Re: Good, gawd/ess Trevor.
"Life isn't a game."
U wot mate?
11288 posts • joined 3 Jun 2008
"Life isn't a game."
U wot mate?
It's not this chip.
If that is a problem it means you dump most of the energy going into the chip out into the aether.
Years ago I was in a senior project role at one of our National Laboratories...
Gordon Freeman, is that you?
These are the voyages of the USS Dogeprise...
my head hurts
Luckily no body orifices emit painful signals. That's the good news.
maybe I'll get my identity back when I sober up?
Sure. "We can remember it for you wholesale".
This discussion has been had in the early 90's.
Pretty sure I have heard that speech back before the "Global Wars On Stuff" and possibly even the delicious Greenspan-fuelled dotcom bubble. Maybe back in President Clingon's times.
Been rummaging in old ASCII texts, have you?
"accept all certificates, it's the only way, young jedi"
if you can't code
In particular, if you can't test.
Or if you "forget" to test.
With reality-enhanced Mun!
Mr Turtle, your nurse is on the phone. It seems your scheduled medication is running late.
I began using Microsoft Word as soon as the first version was released around 1985. After some initial hassles I found it to be a better tool than MacWrite, which was its only competition at the time. I wrote a lot of stuff in early versions of Word, storing it all on floppies, and transferred the contents of all my floppies to my first hard drive, which I acquired around 1987. As new versions of Word came out I faithfully upgraded, reasoning that as a writer it made sense for me to spend a certain amount of money on tools.
Sometime in the mid-1980's I attempted to open one of my old, circa-1985 Word documents using the version of Word then current: 6.0 It didn't work. Word 6.0 did not recognize a document created by an earlier version of itself. By opening it as a text file, I was able to recover the sequences of letters that made up the text of the document. My words were still there. But the formatting had been run through a log chipper - -the words I'd written were interrupted by spates of empty rectangular boxes and gibberish.
Now this was technically a fault in the application (Word 6.0 for the Macintosh) not the operating system (MacOS 7 point something) and so the initial target of my annoyance was the people who were responsible for Word. But. On the other hand, I could have chosen the "save as text" option in Word and saved all of my documents as simple telegrams, and this problem would not have arisen. Instead I had allowed myself to be seduced by all of those flashy formatting options that hadn't even existed until GUIs had come along to make them practicable. I had gotten into the habit of using them to make my documents look pretty (perhaps prettier than they deserved to look; all of the old documents on those floppies turned out to be more or less crap). Now I was paying the price for that self-indulgence. Technology had moved on and found ways to make my documents look even prettier, and the consequence of it was that all old ugly documents had ceased to exist.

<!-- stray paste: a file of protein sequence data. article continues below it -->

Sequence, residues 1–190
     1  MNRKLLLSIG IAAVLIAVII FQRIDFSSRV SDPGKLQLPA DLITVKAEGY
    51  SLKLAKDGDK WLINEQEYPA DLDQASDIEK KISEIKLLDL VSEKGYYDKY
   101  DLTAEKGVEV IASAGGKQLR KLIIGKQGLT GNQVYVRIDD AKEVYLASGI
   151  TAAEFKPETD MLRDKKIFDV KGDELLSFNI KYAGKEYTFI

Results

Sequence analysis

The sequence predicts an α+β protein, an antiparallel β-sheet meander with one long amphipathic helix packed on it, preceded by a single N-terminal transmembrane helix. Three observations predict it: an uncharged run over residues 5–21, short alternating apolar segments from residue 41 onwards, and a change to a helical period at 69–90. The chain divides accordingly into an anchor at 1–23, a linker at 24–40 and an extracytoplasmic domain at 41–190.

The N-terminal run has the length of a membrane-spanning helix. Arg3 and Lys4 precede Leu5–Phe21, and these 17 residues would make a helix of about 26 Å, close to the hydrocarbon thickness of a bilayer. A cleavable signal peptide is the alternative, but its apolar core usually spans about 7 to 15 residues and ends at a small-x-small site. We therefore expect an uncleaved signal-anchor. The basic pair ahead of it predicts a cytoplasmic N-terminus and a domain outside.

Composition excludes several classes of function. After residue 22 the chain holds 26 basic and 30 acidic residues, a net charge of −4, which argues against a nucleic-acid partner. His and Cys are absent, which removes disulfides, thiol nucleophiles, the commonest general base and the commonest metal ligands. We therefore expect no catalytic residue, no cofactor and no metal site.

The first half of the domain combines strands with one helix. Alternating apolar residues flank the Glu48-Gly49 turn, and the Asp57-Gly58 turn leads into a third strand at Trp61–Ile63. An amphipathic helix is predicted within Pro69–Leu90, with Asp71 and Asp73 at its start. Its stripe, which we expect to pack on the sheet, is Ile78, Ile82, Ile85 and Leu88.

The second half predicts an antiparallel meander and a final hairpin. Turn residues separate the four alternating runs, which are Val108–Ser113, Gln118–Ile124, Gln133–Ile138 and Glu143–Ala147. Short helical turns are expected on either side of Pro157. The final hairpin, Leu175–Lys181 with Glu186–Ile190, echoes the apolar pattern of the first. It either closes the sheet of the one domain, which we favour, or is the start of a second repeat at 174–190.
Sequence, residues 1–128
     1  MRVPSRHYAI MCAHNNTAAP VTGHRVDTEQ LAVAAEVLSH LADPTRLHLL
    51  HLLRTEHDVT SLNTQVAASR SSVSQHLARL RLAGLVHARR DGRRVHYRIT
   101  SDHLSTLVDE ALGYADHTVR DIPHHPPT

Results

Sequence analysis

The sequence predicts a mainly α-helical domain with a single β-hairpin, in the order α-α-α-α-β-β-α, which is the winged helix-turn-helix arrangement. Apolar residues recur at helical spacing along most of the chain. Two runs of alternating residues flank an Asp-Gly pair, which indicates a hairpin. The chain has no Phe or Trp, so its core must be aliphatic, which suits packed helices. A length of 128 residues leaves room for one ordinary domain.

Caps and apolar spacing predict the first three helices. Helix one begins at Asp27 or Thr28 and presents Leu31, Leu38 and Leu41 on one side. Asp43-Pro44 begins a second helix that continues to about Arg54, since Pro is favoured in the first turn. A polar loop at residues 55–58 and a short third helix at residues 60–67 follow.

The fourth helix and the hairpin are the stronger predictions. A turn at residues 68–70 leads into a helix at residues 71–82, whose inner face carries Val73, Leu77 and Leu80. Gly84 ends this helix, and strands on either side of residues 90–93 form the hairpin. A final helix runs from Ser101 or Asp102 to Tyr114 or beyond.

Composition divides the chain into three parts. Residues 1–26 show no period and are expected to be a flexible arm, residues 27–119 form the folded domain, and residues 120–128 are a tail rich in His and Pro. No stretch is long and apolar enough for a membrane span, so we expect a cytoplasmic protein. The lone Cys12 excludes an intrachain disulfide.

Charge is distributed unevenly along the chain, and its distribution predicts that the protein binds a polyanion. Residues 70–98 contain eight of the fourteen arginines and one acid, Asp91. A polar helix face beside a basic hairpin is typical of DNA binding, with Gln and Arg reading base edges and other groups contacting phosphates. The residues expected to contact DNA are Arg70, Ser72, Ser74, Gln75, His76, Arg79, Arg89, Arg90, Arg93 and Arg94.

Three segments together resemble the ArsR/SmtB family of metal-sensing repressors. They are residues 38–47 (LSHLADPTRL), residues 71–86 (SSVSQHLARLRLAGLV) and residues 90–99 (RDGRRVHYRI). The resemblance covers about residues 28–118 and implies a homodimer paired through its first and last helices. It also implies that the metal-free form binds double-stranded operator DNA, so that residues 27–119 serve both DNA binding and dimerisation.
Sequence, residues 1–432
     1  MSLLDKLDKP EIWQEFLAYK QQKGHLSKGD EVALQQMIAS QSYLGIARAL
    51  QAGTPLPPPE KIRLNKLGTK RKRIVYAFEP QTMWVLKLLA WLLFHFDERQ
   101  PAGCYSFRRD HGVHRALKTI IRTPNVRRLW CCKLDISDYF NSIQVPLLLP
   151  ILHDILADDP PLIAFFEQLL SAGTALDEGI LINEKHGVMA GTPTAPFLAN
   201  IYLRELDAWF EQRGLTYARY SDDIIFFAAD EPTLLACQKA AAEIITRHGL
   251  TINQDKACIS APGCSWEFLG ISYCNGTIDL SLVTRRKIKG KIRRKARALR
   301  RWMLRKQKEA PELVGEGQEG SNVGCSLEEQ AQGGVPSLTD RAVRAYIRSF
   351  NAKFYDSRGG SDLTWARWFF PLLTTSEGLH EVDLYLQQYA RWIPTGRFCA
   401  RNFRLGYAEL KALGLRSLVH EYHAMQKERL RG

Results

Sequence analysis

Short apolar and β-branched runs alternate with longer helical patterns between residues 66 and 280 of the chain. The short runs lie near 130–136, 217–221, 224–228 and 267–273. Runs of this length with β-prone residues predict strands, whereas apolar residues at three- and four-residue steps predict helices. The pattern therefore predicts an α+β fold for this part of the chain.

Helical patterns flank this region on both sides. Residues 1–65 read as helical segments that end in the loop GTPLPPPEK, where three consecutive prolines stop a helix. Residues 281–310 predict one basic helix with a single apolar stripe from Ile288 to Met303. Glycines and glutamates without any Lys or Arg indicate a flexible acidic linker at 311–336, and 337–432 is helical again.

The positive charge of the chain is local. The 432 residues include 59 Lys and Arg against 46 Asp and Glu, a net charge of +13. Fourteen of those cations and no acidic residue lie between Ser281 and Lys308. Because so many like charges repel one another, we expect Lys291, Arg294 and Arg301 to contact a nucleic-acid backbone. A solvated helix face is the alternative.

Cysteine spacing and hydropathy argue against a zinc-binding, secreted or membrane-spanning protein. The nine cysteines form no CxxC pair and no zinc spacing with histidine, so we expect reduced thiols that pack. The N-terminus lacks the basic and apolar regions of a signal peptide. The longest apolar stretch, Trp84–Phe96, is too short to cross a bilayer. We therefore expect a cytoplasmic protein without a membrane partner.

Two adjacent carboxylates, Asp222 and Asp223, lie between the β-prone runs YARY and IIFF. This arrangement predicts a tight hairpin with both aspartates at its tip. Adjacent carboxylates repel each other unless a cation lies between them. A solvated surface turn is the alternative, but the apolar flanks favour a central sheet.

It was--if you'll pardon me for a moment's strange little fantasy--as if I'd gone to stay at some resort, some exquisitely designed and art-directed hotel, placing myself in the hands of past masters of the Sensorial Interface, and had sat down in my room and written a story in ballpoint pen on a yellow legal pad, and when I returned from dinner, discovered that the maid had taken my work away and left behind in its place a quill pen and a stack of fine parchment--explaining that the room looked ever so much finer this way, and it was all part of a routine upgrade. But written on these sheets of paper, in flawless penmanship, were long sequences of words chosen at random from the dictionary. Appalling, sure, but I couldn't really lodge a complaint with the management, because by staying at this resort I had given my consent to it. I had surrendered my Morlock credentials and become an Eloi.